“Star Wars: The Last Jedi” Review

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It’s hard to review a Star Wars film. It’s a series that means so much to so many people, myself included, that it’s difficult to separate the impact of the series as a whole from each new individual film. Fortunately director Rian Johnson and the team at Lucasarts are all too aware of that influence, and The Last Jedi is as much a film about legacy as it is about something new. This theme is largely represented by returning stars Mark Hamill and Carrie Fisher, with their iconic characters Jedi Master Luke Skywalker and General Leia Organa elevated to legendary status by their actions in the original Star Wars trilogy and beyond. Returning Force Awakens protagonists Finn, Rey, and Poe Dameron similarly struggle to deal with the expectations now placed on them as the battle between the Resistance and the First Order gets more serious, and new characters such as Laura Dern’s Vice Admiral Amilyn Holdo and Kelly Marie Tran as Rose Tico bear the pressure of proving themselves amongst the established heroes. Johnson does a remarkable job at balancing the old, the current, and the new, creating a Star Wars film that seems to signify the original trilogy passing its legacy on to the next chapter.

One of the most common criticisms of J.J. Abrams’ The Force Awakens was that it felt too similar structurally to A New Hope, and a similar complaint could be given to The Last Jedi at times. Iconic scenes such as Luke’s training with Master Yoda, the Battle of Hoth, and Luke’s final meeting with Emperor Palpatine are deliberately mirrored, but every time I thought I knew where the film was going Johnson throws in unexpected twists and subverts expectations to demonstrate how much the Star Wars series still has to offer. Johnson’s script is funny in often surprising ways, particularly in scenes with a delightfully deadpan Mark Hamill, but not afraid to challenge established conventions of the Star Wars universe. The division between the Light Side and the Dark Side isn’t as clear in The Last Jedi, with Skywalker turning away from the teachings of the Jedi Order and the villainous Kylo Ren more emotionally conflicted than ever. Considerable emphasis is placed on the connection between Ren and Rey, and moments between Adam Driver and Daisy Ridley bring a heart and moral complexity rarely seen in blockbuster films lately. Kylo Ren is quickly turning into one of the best characters in the Star Wars saga, with his alliances and motivations never quite clear and Driver’s performance bringing every conflicted emotion to the forefront.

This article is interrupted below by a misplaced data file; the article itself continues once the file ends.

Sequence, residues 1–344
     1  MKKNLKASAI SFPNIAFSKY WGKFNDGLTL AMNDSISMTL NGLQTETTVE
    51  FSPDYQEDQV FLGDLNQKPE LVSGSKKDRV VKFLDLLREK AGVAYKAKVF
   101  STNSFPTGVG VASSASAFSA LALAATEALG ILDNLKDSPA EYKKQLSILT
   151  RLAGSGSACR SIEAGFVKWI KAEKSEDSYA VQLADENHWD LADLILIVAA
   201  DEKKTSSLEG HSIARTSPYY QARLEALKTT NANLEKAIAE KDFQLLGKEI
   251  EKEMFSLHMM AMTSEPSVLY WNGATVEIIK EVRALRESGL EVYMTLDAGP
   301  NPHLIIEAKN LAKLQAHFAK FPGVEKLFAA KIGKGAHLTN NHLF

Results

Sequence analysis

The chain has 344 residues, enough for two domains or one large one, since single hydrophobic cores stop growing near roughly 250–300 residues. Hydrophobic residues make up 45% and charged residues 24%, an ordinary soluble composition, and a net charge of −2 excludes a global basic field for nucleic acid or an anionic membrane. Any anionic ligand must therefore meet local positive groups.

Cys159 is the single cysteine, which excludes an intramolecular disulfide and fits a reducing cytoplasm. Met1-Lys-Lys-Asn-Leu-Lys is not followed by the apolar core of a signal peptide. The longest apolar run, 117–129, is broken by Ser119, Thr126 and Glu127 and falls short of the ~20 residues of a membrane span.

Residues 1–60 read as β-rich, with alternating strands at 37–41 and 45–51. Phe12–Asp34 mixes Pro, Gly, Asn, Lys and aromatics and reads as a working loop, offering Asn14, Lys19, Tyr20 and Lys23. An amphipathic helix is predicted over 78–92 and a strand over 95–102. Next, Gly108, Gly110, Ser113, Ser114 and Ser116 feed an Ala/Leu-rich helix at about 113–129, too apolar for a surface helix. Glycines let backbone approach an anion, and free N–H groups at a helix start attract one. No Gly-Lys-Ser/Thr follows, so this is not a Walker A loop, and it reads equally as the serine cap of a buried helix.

As is to be expected from a Star Wars film there are elements that are bound to be contentious. Two separate moments, one involving Leia Organa and another involving Luke Skywalker, overstate the characters’ abilities and powers so much that it felt to me like Johnson was playing off their reputations among the fans rather than honouring what they could believably do in the established universe. The special effects vary in quality – while for the most part the movie is a visual treat, CGI characters such as Andy Serkis as Supreme Leader Snoke stick out like sore thumbs when compared to the beautifully designed sets and top-quality practical effects. Yet two of the climactic battles, one aboard a damaged spaceship and the other on a planet of red salt, provoke such stunning images that certain frames resemble works of art.